Although Teo González’s drawing measures only a few inches, it is crammed with thousands of delicate circular forms (2,500 to be exact). Their shapes vary from round to oblong, and several contain dark spots like the nuclei of cells. Indeed, González’s composition suggests strings of amoebae as they jockey for position in a confined space, their grid alignment dissolving and resurfacing. The artist focuses the viewer’s attention by concentrating his forms into a small square centered on a much larger—and otherwise empty—sheet of paper. Erwin Redl’s Untitled (Tumbling red, black) depicts four groupings of six geometric shapes (two squares and four rectangles). The drawing follows a simple conceptual framework: the “movement” of colors in a clockwise rotation so that when viewed from left to right, they “end” in the opposite arrangement from their “start” (black on top, red on bottom). The colors revolve from form to form, and the system is complete in three steps. Despite Redl’s reductive aesthetic and rigorous logic, he creates a lively geometric composition.

Lawrence Weiner drew Serpent Mounds Ohio after viewing the prehistoric earthen effigy from a small plane. As opposed to the meandering Great Serpent Mound and its neighboring burial knolls, Weiner’s drawing does not contain a single curved line or rounded form. Rather, his rectilinear composition depicts 20 geometric shapes arranged in a five-by-four grid. The forms follow a basic blueprint, with slight variations in size and silhouette. Corner notches and gradient horizontal bars add visual dynamism to the repetitious elements, as does an overlay of orange watercolor. Weiner regarded the Great Serpent Mound as a structural edifice, it having once had entrances and exits, and he responded with an abstract drawing that is equally architectonic.

In their compositions dating from the early 1970s, Richard Tuttle and Christopher Wilmarth paint multiple squares in a nearly identical vermilion watercolor, albeit with differing visual effects. In Step (#35), Tuttle’s small green blocks progress up the paper like notes on a music staff, full of energy and rhythm. It is easy to imagine that the squares, once arranged in a grid, have playfully broken free. By contrast Wilmarth’s six squares are quiet and stately, equal in size but dissimilar in form. They create a balanced horizontal composition, their “clearings” like mystic portals. This is one of the few works in the exhibition with an evocative title: Six Clearings for Hank Williams. Wilmarth was a country music lover and presumably made this work in tribute to the 20th anniversary of the country singer’s untimely death.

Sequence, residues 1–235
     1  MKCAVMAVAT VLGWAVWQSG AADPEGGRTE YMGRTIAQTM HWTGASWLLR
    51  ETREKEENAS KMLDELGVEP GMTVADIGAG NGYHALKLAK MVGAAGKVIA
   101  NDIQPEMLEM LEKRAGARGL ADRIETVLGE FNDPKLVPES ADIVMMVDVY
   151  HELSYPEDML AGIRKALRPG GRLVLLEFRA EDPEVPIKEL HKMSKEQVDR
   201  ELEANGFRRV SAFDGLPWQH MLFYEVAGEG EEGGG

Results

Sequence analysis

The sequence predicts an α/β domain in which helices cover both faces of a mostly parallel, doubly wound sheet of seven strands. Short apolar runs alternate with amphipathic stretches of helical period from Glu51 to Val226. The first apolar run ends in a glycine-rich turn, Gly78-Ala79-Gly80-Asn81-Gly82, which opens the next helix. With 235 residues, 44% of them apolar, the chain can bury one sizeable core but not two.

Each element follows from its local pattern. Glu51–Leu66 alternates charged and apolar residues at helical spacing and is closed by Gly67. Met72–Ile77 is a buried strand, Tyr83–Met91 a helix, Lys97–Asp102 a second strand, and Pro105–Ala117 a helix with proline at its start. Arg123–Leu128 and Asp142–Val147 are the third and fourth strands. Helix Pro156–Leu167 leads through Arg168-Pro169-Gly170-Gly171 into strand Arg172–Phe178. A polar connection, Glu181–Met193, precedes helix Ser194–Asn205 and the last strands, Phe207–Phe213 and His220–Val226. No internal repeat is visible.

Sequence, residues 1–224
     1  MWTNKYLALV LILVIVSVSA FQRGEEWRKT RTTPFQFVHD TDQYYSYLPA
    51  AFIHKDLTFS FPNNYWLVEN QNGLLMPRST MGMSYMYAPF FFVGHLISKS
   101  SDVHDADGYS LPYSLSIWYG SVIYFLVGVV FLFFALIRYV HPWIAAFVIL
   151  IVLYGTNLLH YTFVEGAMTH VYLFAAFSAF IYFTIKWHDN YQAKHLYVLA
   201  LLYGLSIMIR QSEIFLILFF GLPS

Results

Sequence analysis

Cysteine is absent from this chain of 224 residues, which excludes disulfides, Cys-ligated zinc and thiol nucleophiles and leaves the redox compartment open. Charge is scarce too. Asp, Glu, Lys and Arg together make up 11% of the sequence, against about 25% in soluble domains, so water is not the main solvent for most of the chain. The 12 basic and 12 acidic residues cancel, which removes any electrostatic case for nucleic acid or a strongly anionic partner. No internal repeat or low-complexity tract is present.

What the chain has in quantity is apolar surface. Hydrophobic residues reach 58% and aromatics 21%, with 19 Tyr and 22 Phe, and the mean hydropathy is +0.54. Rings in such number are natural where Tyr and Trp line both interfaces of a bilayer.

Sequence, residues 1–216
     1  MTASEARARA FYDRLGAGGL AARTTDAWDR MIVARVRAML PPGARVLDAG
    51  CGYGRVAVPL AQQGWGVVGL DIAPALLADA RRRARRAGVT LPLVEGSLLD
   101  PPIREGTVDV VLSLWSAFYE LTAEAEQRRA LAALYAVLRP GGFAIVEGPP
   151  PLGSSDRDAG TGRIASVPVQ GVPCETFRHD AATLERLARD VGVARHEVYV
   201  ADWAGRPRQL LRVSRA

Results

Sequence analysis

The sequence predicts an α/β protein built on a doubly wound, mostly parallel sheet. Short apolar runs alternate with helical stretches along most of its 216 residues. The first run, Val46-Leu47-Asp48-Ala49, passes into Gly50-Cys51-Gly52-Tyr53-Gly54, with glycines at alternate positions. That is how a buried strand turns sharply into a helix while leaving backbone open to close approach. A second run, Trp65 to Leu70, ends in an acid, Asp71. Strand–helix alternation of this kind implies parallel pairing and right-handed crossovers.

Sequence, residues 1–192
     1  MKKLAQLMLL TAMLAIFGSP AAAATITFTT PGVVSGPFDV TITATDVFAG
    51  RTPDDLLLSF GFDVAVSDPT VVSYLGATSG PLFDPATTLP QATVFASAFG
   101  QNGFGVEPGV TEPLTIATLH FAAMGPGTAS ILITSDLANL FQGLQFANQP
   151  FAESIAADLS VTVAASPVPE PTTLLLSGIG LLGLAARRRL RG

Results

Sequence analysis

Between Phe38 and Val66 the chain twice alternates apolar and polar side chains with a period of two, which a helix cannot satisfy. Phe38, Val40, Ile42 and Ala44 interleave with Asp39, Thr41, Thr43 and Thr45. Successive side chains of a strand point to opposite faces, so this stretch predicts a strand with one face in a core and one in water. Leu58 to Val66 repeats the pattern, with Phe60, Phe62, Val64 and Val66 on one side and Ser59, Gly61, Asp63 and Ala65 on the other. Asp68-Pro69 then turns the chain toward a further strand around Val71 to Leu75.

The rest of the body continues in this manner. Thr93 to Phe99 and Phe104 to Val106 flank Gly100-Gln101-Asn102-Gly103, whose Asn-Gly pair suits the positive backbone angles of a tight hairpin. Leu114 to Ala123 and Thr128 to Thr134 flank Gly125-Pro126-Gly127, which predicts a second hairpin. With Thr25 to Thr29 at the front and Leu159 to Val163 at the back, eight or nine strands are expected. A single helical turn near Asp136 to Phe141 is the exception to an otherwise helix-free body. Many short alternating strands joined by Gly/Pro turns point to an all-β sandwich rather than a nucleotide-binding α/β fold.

Doors and other domestic details are common motifs in Sylvia Plimack Mangold’s early paintings and drawings. In Untitled, dating from 1977, the artist delineated a white rectangle on a vertical green field, its arrangement evocative of a window and door. It is an austere, but not impersonal, composition. Watery brushstrokes in green acrylic reveal the artist’s touch, as does the single fingerprint impressed into the white paint. By combining her gestural marks with the masking tape borders, painted in a trompe l’oeil manner, Mangold mischievously plays with the viewer’s perceptions. Drawing Everything in My House: Towels is part of an ambitious series in which Suzanne Bocanegra attempted to record all of her household items. The artist constructed Towels from the blank endpapers of old books. The sheets, ranging in hue from warm white to deep orange, are loosely held together with tape. Here, Bocanegra riffs on the minimalist grid—this is a distinctly hand-made creation, far removed from the industrial or impersonal. Her papers form an open, pleasing framework, their various sizes and colors coalescing into a cohesive, abstract still life. Bocanegra discovers beauty in the banal—the beauty of found objects and of everyday items.

  1. Ibid. []